Beside being known for her regional style of writing, Sarah Jewett is recognized today for her portrayal of feminine characters. Her characters are usually elderly, women, and rarely dynamic young men. (Nagel, x) With the development of Women's Studies as a field of scholarship in colleges and universities, a new awareness of Jewett's writings came about. In her most famous work, The Country of the Pointed Firs, are the themes of mother-daughter love and sisterhood bonds "suggesting her vision of an alternative world - woman-centered,...existing outside of masculine America." (Lauter, 131) Another influential work of Jewett's in the realm of women's studies is A Country Doctor (1884), the main character is a woman who decides to pursue a career in medicine rather than marry. The theme of female initiation or the idea of women breaking out of male dominated society can also be interpreted in Jewett's "A White Heron" as well as in other works.
Sarah Orne Jewett developed a style of fiction all her own. As her writing matured with time, she guaranteed herself a lasting and favorable reputation among the most respected regional and local color writers.
Cary, Richard. Sarah Orne Jewett. New York: Twayne Publishers, Inc., 1962.
Lauter, Paul, ed. The Heath Anthology of American Literature. third edition. vol. 2. New York: Houghton Mifflin Company, 1998.
Nagel, Gwen L. and James Nagel. eds. Sarah Orne Jewett: A Reference Guide. Boston: G.K. Hall & CO., 1978.
1. Compare and contrast Jewett's Sylvy in A White Heron with May Bartram of James's The Beast in the Jungle.
2. The tree, the hunter, the cow, and the heron all seem to possess mythical significance in A White Heron. Choose to discuss one of them in relationship to Sylvy, and explore the way Jewett combines elements of folk or fairy tale and literary realism.
3. Compare and contrast the relationship between James's governess/narrator and Mrs. Grose in The Turn of the Screw with the relationship between the narrator and Mrs. Todd in Jewett's The Foreigner.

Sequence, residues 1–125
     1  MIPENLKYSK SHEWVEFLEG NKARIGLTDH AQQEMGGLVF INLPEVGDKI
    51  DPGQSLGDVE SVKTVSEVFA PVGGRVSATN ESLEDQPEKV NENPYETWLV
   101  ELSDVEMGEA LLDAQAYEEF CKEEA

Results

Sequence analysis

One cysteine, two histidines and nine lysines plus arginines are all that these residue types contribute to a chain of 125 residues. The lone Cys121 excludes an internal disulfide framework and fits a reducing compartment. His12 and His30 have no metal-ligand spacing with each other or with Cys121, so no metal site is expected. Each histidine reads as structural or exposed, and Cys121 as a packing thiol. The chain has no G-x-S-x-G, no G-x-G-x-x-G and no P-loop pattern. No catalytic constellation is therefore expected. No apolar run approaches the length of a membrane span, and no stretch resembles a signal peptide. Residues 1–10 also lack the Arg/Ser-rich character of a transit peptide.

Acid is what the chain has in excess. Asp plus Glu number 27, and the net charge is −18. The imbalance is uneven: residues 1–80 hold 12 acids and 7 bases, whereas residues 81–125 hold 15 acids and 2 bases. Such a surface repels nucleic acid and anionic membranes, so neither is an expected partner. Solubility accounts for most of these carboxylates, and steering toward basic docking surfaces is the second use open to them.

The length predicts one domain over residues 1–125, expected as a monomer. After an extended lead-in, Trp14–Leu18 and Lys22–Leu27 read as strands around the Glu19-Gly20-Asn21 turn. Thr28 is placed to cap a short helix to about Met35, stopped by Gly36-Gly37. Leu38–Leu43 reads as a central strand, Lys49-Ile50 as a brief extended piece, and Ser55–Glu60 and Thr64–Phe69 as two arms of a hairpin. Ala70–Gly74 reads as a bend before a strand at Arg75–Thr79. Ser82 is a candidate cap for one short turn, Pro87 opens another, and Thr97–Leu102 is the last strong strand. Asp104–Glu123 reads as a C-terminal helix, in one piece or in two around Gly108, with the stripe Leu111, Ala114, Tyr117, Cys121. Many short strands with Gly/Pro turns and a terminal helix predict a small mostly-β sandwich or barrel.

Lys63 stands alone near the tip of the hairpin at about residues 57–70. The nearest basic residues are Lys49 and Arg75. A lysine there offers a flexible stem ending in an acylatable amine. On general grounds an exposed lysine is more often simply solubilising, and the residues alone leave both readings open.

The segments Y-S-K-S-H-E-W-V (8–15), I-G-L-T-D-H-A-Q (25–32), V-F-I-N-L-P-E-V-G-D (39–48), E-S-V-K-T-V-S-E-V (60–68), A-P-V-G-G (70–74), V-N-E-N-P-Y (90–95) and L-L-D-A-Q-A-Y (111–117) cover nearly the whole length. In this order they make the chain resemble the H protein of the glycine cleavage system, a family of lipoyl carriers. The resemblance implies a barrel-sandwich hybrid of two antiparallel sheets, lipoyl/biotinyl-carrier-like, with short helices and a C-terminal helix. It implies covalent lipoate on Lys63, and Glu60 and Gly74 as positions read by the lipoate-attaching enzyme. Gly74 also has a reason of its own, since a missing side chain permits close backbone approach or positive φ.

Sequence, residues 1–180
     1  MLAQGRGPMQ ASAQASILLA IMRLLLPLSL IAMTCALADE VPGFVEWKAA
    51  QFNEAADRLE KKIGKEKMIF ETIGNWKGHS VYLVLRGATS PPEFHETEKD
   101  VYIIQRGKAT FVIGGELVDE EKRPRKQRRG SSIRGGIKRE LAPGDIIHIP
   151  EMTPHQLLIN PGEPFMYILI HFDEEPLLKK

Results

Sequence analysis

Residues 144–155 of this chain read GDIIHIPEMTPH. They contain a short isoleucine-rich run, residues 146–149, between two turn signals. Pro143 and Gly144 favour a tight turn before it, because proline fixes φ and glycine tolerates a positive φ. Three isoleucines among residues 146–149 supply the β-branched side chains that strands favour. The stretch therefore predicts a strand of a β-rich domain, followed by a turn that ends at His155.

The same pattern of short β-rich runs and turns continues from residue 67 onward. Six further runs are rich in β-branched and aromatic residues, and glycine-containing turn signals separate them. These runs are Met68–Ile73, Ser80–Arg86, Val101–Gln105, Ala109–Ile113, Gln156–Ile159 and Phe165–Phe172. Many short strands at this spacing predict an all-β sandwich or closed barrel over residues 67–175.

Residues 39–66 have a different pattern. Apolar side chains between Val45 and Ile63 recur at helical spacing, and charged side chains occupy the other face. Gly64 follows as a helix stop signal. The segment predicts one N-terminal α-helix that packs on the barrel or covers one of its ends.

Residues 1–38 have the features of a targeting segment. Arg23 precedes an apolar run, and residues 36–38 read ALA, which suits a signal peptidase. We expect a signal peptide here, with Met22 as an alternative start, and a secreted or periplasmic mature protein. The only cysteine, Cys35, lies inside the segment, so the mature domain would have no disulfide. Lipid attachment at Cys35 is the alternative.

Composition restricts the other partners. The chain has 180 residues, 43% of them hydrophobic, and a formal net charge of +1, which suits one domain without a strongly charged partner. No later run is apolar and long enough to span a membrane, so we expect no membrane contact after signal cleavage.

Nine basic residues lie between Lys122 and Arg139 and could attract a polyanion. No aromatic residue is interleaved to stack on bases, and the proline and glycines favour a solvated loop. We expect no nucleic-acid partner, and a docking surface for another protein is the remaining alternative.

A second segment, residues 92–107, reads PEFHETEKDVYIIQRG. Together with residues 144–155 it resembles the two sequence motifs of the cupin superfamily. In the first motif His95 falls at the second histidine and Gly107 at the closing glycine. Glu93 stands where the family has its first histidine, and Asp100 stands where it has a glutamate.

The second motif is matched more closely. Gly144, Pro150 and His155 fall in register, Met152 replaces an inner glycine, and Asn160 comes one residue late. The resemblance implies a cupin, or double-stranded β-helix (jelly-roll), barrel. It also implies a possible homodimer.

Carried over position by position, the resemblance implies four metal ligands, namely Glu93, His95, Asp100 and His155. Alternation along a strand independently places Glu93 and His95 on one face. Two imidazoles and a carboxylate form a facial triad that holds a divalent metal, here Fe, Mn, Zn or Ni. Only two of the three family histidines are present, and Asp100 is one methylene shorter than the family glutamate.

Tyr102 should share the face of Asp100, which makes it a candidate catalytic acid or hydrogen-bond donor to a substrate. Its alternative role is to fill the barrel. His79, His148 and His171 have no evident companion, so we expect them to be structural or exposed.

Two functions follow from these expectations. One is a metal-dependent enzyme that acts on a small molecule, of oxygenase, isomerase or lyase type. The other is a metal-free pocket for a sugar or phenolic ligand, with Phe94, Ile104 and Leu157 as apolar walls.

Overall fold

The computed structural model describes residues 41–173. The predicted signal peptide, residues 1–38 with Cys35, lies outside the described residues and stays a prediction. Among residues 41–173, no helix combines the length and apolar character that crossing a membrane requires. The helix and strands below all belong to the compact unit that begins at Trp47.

4. Read T. B. Thorpe's The Big Bear of Arkansas (NAAL, Volume 1). Viewing the Southwest humorists as precursors of the late-nineteenth-century local color writers, contrast Thorpe's attitude toward the bear hunt with Jewett's attitude toward Sylvy's search for the bird in A White Heron. Or imagine A White Heron told from the point of view of the young ornithologist, and explain why this other story might have been accepted for publication in the sporting magazine of the Southwest humorists, The Spirit of the Times.
5. Unlike Clemens, Howells, and James, Jewett did not write essays about writing or reading. Fill in the gap in literary history, using the two anthologized stories as a foundation, and write the essay that wasn't: "How to Tell a Story," by Sarah Orne Jewett. You may also choose to title the essay, "Fiction-Writing and Fiction-Reading" or "The Art of Fiction."
6. In an attempt to differentiate between regionalism and realism, compare and contrast Jewett's The Foreigner and James's The Turn of the Screw as ghost stories.
7. Research other writers in the regionalist tradition and write about work by Alice Cary, Rose Terry Cooke, Harriet Beecher Stowe (The Pearl of Orr's Island), or Mary Austin, all of which are available in paperback texts.
MLA Style Citation of this Web Page
Reuben, Paul P. "Chapter 5: Sarah Orne Jewett." PAL: Perspectives in American Literature- A Research and Reference Guide. URL:http://web.csustan.edu/english/reuben/pal/chap5/jewett.html (provide page date or date of your login).